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The people of St Vincent and the Grenadines have spoken. They’ve reelected Dr Ralph Gonsalves and his Unity Labour Party (ULP) to a fifth consecutive term. We here at NEWSCO wish to salute the good doctor for prevailing at the polls, with an increased majority, never mind that he lost the popular vote. He now has nine seats in the 15-seat parliament.

We had no horse in this race, and hoped only for a free and fair election, and one free from fear. From all the early reports, the elections were above reproach, for the most part. In that regard, we also salute the people of St Vincent and the Grenadines. They are certainly showing our dear Uncle Sam, the putative standard-bearer of democracy and electioneering, how this election thingy ought to be done. And the Vincentians are not alone. In St Kitts Nevis, Trinidad and Tobago, Dominica, and Anguilla, the elections have been relatively incident-free. Certainly there has been nothing like the rancour and wrangling, and the false and dangerous statements being propagated by the apparent loser and his rabid supporters in the US election. Or the confusion that reigned after the March election in Guyana.

Interestingly, the rich irony in all of this is that, whereas the apparent loser in the US elections, Donald Trump, by way of Mike Pompeo, scolded David Granger, the loser in the Guyana elections, bullying him to accept the results and demit office, Granger can now write to Trump, exhorting him to accept the results of the polls and gracefully leave the White House. Fat chance. Based on his manic ranting and raving, as well as his lawsuits and apparent unwillingness to accept the manifest will of the American people, it is a reasonable guess that he will have to be dragged, kicking and screaming from the White House. Next to people of colour and Mexicans, Donald Trump hates losers, and as of this moment, he is the world’s biggest loser. It will take a while yet for The Donald to reconcile himself to that harsh truth.

Then there is the question of polling fraud. The whole world is chortling at claims of widespread fraud in the . . . (gasp) almighty, holier-than-thou United States. Can it be true? That the country famous for condescendingly cautioning against election fraud in the so-called s**thole countries, now needs election monitors and observers to guard against election fraud? Folks, you can’t make this stuff up.

Which brings us back to Dr Gonsalves’ election victory for a fifth time. The good doctor has promised his people that this will be his last go-around. He will be riding off into the sunset, presumably at the end of this term. Good for him. No point in wearing out his welcome, clinging to power even as “The grinders cease because they are few, and those that look out of the windows become darkened.” [Ecclesiastes] Leaders need to know when to say when. And for those that subscribe to the thought that they have some sort of “divine right,” there ought to be term limits to disabuse them of that  stultifying notion.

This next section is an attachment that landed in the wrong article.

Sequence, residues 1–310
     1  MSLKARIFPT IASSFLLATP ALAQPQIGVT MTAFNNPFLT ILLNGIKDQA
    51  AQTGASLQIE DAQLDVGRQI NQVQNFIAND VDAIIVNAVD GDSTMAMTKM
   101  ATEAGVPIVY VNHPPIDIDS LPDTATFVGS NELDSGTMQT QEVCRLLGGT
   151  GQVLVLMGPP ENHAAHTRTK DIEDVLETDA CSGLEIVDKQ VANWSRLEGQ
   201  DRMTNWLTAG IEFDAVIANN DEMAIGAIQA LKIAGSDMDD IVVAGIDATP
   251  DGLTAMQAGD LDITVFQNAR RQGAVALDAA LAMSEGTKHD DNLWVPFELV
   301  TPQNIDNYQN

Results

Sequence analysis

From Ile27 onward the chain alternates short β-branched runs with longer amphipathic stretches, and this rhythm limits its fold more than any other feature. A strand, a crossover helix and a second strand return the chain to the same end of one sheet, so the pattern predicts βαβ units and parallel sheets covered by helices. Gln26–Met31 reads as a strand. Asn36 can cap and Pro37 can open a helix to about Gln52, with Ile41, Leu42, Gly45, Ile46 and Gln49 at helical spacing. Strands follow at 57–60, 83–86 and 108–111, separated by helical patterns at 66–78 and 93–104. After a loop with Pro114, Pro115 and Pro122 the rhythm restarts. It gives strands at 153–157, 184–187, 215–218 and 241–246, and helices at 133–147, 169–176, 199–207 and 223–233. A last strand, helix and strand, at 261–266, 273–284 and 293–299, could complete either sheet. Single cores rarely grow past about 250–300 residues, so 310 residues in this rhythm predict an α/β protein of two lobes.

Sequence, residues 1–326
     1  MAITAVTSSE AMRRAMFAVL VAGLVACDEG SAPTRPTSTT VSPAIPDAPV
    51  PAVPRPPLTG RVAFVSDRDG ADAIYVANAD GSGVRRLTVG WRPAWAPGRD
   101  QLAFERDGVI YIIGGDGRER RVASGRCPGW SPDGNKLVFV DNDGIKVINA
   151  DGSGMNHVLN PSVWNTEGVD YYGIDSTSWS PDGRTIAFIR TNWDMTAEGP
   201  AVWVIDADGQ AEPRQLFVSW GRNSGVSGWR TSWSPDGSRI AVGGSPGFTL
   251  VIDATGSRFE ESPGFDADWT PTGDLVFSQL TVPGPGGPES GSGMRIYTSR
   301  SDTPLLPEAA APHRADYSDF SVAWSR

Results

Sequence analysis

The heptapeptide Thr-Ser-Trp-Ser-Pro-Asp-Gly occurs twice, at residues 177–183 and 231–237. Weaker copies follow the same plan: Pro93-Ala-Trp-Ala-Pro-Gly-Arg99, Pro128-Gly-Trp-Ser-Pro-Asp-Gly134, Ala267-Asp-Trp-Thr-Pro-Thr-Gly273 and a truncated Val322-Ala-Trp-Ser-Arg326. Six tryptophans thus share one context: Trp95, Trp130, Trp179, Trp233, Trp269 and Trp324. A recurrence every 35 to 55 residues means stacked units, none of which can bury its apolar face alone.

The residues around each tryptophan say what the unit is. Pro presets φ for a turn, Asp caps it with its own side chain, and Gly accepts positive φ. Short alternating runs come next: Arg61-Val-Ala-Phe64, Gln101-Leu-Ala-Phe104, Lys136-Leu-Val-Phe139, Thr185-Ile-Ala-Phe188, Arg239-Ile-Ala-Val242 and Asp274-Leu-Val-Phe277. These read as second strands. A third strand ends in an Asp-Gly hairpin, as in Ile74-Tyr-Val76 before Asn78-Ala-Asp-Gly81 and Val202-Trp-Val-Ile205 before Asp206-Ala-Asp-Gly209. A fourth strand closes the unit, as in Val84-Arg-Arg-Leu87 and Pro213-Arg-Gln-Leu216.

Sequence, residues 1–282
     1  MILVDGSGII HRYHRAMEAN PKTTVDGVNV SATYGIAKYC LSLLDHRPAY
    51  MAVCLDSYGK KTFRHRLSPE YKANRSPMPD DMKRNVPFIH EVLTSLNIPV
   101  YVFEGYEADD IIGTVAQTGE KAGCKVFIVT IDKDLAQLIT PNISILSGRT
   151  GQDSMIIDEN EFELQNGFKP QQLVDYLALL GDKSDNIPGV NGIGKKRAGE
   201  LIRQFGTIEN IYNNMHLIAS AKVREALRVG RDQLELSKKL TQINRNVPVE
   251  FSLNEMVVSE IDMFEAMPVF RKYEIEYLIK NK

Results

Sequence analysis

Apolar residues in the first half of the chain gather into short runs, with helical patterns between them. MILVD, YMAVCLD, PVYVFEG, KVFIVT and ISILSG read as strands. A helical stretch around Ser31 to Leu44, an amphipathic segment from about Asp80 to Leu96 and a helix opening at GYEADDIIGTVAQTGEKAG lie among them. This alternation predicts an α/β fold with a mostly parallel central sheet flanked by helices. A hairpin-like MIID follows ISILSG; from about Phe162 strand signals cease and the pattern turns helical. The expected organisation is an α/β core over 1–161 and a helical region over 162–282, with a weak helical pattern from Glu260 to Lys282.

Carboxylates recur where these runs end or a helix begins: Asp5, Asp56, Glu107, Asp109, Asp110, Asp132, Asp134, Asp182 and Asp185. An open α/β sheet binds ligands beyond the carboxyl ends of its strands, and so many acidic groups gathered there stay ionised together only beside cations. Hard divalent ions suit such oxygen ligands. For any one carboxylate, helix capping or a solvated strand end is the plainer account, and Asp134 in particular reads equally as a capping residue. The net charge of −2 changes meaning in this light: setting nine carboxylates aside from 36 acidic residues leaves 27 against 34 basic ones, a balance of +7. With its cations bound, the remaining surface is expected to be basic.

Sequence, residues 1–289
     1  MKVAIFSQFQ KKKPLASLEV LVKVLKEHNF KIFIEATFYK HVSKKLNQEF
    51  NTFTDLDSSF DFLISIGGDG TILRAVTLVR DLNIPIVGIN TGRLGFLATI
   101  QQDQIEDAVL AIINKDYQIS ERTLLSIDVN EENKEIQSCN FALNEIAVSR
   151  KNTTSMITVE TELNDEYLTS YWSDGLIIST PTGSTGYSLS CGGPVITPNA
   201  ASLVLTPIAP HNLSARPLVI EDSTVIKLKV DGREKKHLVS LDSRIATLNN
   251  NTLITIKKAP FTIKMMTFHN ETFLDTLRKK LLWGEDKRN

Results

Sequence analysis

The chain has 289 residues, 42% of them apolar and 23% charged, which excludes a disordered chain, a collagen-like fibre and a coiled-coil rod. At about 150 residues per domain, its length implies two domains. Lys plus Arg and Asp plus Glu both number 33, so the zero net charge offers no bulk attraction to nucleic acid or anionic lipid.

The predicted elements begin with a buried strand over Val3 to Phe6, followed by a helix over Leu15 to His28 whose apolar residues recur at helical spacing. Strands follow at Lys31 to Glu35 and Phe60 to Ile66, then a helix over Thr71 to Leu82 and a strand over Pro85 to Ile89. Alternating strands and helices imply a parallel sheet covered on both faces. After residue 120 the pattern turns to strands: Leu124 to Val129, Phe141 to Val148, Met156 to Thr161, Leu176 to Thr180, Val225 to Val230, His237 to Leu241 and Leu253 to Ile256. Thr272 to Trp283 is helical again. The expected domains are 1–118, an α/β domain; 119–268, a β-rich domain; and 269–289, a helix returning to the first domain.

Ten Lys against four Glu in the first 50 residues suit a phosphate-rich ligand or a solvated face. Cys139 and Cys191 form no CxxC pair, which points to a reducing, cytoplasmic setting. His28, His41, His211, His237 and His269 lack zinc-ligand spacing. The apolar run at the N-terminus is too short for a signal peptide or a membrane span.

We here in Antigua and Barbuda suffered greatly under nearly three decades of Antigua Labour Party rule. It was too long, and we are still reaping the bitter fruit of a party that had gone way past its shelf-life. (see the demise of a once-thriving agriculture sector under Sir Robert Hall, and the misuse of the Social Security Scheme).

In Africa, sad to say, a continent where leaders seem loathe to give up power, we have had some fossilised leaders. For example, Teodoro Obiang Nguema Mbasogo of Equatorial Guinea has been in power for nearly 40 years. Cameroon’s Paul Biya has been in power for all of 36 years. He is 85 years old. Robert Mugabe was 95 years old when he died last year. He’d served as leader of Zimbabwe for 40 years before he was forced to retire in 2017. Omar Hassan al-Bashir of Sudan also ruled for 40 years before he was thrown out last year. Talk about a closed closet! No sunlight, no fresh air! Just death and decay!

On a visit to Africa in 2015, former President Barack Obama called for some of the long-standing leaders of Africa to step down. Said he to the African Union: “Nobody should be president for life. Your country is better off if you have new blood and new ideas. I’m still a pretty young man, but I know that somebody with new energy and new insights will be good for my country. It will be good for yours too.” He is absolutely correct. Change is good, especially when it comes with an infusion of the enthusiasm and the thinking of the young.

Here in our fair State, we have fossilised constituency representatives, members of parliament who have long outlived their usefulness. Would that the long-suffering constituents could wake up from their somnolence and effect meaningful change. Send these do-nothing representatives into retirement. A vote for them is a wasted vote, because they are bereft of new ideas and are merely running out the clock.

To his credit, Dr Gonsalves has said that he will not be standing for re-election after this one. May others follow his lead.

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